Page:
Despite seasonality and relatively good air between July and September, Bangkok is a city with a severe PM2.5 problem. According to the UN, the annual average PM2.5 exposure exceeds the WHO safe levels by 4.6 times. The UN estimates furthermore, that roughly 60,000 people die each year in Thailand from the long-term effects of air pollution.

What causes PM2.5?

PM2.5 can include organic matter (dander and spores), and inorganic matter like dust from several sources. Motor vehicles, power plants, road construction sites, stoves, and heating systems, as well as metal and steel production, cause microscopic dust particles that infiltrate invisibly into the air. PM2.5 can remain in the atmosphere for days or even weeks, and even travel large distances, paying no mind to international borders or geographical boundaries.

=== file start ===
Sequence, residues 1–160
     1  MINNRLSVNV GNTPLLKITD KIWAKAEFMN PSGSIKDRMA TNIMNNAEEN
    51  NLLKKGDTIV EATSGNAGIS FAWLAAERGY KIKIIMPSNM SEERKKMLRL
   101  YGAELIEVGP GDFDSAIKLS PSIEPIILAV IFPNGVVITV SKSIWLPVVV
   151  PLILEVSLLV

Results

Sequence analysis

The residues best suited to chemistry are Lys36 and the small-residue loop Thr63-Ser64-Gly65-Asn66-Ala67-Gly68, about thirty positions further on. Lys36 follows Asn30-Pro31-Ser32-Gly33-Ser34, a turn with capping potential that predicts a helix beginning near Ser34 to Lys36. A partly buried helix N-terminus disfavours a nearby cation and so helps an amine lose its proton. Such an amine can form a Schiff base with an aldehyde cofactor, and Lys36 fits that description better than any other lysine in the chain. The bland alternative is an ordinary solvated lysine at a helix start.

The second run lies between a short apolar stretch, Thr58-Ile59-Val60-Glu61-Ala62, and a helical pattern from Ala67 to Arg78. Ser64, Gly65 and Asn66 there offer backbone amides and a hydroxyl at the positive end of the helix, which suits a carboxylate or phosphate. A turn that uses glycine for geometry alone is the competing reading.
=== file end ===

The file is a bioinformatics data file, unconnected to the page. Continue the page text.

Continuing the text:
In Bangkok, for instance, road traffic is considered the dominant source of PM2.5. Inefficient combustion of diesel and petrol vehicles and daily traffic jams pollute the air enormously. Especially during the cold season when there is no rain and only very little wind, PM2.5 accumulates in the air and causes toxic haze.

PM2.5 in Bangkok is caused by traffic jam
Bangkok’s daily traffic jams cause dangerous PM 2.5

How is PM 2.5 harming our health?

The effects of PM2.5 on human health are devastating. Since PM 2.5 particles are so tiny they may easily enter our respiratory system, bloodstream, and brains.

Possible consequences are manifold and range from respiratory inflammation and thrombosis to lung cancer and heart attacks. Scientists also found numerous indicators pointing to an increased risk of neurological diseases such as dementia, Alzheimer and Parkinson’s, all stemming from heightened PM2.5 exposure. 

PM 2.5 once in the bloodstream may clog veins and arteries
Once PM 2.5 is in the bloodstream it may clog veins and arteries

Who is particularly vulnerable to PM 2.5?

Some population groups are particularly vulnerable. Older people with weak cardiovascular systems share similar risk levels with pregnant women since air pollution has been linked to low birth weight, miscarriages, and birth defects.